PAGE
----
Thanks, man. Working on a new tune that I can play some tuba on.
(Kidding. Dusting off my Telecaster and a slide for the next one.)
My setup is really simple and nothing nearly as expensive as a Pro Tools rig. I use a Presonus StudioLive Firewire board ($1650 or so) to record the tracks into an older Mac Pro using their Capture software. It can do 16 tracks simultaneously, which is handy if you want to use multiple mics on a guitar, or record guitar and vocal at the same time (I also use the StudioLive to multitrack record my band).
I like to mic the guitar (Gibson maple CJ-165) around the 12th fret with a Rode NT-4 stereo mic, panned hard right and left, and also take the signal off the Baggs Element pickup through an Aura Spectrum DI preamp with a good sounding image, run 100 percent image. I find that the Aura image adds some nice sparkle, and the Rode gets the woody body sound nicely. I tend not to use both channels off the Rode in the end, I will pan the Aura one way, and the better channel off the Rode the other way for a little stereo spread.
The bass runs direct off a GenzBenz Shuttle 6.0 head. The drums are Roland V-Drums, TD-12 kit. I edited together a kit I like with a deeper snare and tom sound. They are a bit hard to play, because the pads are smaller than real drums, but boy, do they record beautifully. For keyboards, I'm using a cheap Edirol controller running either the B4 software for organ, or a Native Instruments Akoustic piano software for piano. Vocals are recorded with a cheap MXL 2001 mic that I had modded by JJ Audio to be more like a Neumann U-87. I really like how it sounds for vocals and it sounds really nice on acoustic guitar, too. When I do electrics, they run direct through an AxeFX Ultra.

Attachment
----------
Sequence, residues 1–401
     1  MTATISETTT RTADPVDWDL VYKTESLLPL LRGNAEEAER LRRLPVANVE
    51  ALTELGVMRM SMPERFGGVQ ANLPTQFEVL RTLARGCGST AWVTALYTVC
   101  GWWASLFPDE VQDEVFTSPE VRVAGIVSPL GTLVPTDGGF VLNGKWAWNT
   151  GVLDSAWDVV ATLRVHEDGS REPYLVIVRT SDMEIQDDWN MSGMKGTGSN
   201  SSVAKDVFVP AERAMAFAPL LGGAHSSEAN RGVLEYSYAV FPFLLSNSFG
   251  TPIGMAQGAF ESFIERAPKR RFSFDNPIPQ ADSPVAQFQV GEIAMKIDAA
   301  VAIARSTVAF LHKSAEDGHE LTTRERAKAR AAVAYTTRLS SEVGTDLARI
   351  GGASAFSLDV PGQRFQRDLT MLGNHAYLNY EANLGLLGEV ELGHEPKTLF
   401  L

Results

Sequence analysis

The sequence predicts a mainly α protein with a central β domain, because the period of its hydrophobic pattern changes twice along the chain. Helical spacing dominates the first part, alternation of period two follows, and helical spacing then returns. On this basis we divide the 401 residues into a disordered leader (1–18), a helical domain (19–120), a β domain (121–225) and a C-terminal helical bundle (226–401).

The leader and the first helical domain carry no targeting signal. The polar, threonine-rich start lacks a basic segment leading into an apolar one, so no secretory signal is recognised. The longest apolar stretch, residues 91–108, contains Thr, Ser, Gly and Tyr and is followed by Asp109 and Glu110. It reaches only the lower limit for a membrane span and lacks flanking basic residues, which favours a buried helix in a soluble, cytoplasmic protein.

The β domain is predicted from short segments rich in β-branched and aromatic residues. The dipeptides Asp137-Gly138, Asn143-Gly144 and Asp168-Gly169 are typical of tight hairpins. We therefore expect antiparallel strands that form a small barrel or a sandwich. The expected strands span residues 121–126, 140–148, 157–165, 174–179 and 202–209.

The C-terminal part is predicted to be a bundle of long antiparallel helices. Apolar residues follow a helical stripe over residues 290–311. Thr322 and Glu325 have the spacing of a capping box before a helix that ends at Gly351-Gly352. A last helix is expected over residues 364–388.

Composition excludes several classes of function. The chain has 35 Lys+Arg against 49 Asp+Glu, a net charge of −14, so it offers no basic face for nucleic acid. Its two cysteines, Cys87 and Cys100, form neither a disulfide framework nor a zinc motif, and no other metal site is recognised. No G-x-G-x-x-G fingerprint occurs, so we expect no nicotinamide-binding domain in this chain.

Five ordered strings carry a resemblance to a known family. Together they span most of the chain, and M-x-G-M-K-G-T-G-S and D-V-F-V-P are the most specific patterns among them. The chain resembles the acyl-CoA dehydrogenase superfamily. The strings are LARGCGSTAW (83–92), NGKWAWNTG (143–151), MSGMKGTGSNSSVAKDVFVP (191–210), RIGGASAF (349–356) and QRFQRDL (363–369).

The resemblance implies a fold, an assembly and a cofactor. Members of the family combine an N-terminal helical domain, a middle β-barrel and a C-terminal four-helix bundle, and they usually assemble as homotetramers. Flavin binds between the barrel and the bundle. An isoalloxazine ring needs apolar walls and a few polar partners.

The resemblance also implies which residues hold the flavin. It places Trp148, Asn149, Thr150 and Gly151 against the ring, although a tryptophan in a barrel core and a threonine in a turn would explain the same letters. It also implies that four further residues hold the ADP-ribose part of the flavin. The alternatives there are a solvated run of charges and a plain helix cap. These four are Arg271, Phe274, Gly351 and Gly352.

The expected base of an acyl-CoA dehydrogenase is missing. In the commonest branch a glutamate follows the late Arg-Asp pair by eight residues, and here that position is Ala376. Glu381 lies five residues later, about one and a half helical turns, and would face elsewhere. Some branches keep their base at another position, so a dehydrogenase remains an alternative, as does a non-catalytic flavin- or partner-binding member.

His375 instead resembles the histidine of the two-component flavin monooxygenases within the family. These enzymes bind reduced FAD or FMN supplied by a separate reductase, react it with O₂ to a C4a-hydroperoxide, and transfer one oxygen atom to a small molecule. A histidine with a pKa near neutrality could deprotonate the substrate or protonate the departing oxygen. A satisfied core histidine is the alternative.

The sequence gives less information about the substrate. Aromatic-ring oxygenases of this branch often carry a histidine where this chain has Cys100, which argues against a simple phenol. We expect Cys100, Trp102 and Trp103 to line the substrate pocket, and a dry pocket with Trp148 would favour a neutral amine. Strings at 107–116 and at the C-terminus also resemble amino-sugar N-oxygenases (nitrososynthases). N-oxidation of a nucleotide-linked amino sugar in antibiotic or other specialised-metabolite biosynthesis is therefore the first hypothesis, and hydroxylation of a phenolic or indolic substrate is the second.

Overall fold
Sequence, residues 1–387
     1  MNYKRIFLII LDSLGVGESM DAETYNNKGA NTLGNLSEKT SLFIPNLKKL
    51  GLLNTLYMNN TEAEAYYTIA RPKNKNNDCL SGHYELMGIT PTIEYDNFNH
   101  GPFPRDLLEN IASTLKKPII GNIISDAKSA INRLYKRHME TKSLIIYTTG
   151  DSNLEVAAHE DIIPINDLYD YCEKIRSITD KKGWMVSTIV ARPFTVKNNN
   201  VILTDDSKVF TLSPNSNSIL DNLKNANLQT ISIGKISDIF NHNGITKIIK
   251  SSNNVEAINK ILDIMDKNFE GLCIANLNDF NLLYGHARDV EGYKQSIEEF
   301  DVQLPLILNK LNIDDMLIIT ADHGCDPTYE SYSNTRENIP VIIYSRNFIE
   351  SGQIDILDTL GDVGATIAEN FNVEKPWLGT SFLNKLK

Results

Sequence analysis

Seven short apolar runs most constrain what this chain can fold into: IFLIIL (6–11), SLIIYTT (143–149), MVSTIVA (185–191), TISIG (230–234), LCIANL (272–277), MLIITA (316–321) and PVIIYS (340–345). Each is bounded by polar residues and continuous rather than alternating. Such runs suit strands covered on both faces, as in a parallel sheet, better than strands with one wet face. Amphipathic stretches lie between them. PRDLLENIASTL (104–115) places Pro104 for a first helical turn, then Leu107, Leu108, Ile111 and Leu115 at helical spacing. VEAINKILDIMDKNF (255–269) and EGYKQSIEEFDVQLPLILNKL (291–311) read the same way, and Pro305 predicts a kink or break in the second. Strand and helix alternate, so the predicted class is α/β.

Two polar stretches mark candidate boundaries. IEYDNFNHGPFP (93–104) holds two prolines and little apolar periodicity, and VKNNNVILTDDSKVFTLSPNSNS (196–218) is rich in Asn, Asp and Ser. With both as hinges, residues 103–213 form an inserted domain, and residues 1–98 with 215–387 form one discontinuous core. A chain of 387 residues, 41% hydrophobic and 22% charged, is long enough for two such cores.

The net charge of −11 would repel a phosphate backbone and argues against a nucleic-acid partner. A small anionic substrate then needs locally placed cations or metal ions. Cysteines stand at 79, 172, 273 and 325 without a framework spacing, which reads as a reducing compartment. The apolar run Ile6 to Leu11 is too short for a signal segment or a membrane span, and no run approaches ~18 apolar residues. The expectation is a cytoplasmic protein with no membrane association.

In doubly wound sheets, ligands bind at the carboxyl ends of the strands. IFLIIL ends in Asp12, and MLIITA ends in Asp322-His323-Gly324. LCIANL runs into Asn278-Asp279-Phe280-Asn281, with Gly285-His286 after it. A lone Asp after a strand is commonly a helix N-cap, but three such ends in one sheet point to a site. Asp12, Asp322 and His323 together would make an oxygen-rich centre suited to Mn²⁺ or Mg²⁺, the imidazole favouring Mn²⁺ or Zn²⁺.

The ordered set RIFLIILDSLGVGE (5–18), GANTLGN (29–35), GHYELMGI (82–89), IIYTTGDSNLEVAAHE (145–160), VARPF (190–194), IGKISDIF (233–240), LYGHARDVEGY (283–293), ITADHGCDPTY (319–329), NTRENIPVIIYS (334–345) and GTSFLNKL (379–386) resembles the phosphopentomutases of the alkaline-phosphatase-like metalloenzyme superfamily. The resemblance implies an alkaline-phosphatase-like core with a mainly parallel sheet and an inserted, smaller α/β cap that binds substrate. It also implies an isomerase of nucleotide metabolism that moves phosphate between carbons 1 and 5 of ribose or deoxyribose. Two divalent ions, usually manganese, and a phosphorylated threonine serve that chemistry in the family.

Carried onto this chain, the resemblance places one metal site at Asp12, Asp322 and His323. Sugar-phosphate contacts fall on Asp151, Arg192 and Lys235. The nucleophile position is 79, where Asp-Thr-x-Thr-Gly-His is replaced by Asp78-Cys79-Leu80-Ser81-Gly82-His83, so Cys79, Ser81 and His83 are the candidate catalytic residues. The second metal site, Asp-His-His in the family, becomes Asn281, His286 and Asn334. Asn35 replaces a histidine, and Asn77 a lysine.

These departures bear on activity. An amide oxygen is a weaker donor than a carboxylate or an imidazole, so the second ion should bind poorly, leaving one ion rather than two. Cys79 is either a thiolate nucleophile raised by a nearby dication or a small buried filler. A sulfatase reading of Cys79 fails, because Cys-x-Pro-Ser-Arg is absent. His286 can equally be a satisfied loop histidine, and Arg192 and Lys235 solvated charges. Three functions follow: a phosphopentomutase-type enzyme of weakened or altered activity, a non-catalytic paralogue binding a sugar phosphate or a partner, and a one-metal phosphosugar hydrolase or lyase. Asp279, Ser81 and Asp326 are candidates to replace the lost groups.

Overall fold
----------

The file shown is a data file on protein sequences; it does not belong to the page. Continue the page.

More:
I really don't use much in the way of effects or compression, just a tiny bit of an onboard StudioLive plate reverb on the vocals and snare drum, just a little. I put a little bit of 2:1 compression on the bass and vocal mic, and that's it. I just do the final mix to taste live on the Presonus board, riding the faders and muting channels when needed, and capture the stereo WAV file on the Mac Pro. I drop it into Logic Studio to quickly master it and make the final track file.
I used to take all the individual tracks into Logic and EQ, compress and try to fine-tune them, add plug-ins, etc., but eventually realized it sounds very good and organic just straight off the board. As organic as digital can get, anyway.
For the actual recording process, typically I will set up a very basic loop using EZDrummer at the correct tempo, then lay down the acoustic guitar and vocal part first. (I don't really like using drum loops or a drum machine as finished drums, I like a more organic approach.) Then I add the bass, play real drums over it, do the keyboards and fix mistakes on the fly as I go. Doesn't take long, probably took about four hours to record that particular tune. If I don't feel like I'm playing well or it's not happening, I just shut it off and do something else. That's easy to do when you're the whole band, engineer and producer. Kinda hard to operate the camera at the same time, though.
I should post one I recorded a few months ago for the band I was starting in Austin to play both Grateful Dead music and originals with, I recorded it very much more with the Dead's instrumentation, Jerry guitar sound, and so forth. No video on that one ... yet ... LOL